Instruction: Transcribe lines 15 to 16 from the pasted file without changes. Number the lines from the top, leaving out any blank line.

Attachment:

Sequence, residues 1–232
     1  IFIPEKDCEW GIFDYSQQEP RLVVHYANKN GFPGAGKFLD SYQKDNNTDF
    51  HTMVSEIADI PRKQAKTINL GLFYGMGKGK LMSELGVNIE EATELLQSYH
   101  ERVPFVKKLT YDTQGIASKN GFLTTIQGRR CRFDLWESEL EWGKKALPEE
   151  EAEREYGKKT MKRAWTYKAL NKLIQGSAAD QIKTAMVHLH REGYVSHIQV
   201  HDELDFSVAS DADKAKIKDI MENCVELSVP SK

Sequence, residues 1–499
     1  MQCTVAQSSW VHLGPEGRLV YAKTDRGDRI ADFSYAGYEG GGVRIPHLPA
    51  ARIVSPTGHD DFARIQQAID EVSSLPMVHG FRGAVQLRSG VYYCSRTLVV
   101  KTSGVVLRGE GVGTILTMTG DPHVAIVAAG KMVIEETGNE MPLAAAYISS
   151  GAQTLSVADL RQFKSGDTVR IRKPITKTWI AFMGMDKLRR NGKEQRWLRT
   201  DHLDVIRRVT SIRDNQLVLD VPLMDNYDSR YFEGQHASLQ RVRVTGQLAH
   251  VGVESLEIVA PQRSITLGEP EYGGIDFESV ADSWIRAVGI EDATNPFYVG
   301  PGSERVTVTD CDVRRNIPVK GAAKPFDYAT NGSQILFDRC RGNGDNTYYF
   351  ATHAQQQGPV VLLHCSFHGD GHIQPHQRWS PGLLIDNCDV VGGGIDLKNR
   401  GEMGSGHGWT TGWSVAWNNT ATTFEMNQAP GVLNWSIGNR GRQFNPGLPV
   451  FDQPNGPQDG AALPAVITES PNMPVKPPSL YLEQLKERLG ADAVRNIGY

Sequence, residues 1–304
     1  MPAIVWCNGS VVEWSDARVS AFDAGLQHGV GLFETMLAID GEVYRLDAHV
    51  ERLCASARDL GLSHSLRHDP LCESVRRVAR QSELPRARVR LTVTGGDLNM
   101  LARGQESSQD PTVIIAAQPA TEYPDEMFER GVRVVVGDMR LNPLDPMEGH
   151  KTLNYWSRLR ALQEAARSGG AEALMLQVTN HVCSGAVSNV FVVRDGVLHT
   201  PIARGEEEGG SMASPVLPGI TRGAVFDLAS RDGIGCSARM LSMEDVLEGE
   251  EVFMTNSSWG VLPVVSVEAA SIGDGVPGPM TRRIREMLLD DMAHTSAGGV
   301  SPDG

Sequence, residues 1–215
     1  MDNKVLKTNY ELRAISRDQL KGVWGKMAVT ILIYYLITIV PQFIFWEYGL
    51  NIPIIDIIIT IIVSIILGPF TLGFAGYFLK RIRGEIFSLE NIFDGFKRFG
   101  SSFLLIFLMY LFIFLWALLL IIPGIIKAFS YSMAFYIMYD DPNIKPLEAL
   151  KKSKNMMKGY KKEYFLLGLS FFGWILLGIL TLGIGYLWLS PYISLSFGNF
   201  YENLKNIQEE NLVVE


   351  ATHAQQQGPV VLLHCSFHGD GHIQPHQRWS PGLLIDNCDV VGGGIDLKNR
   401  GEMGSGHGWT TGWSVAWNNT ATTFEMNQAP GVLNWSIGNR GRQFNPGLPV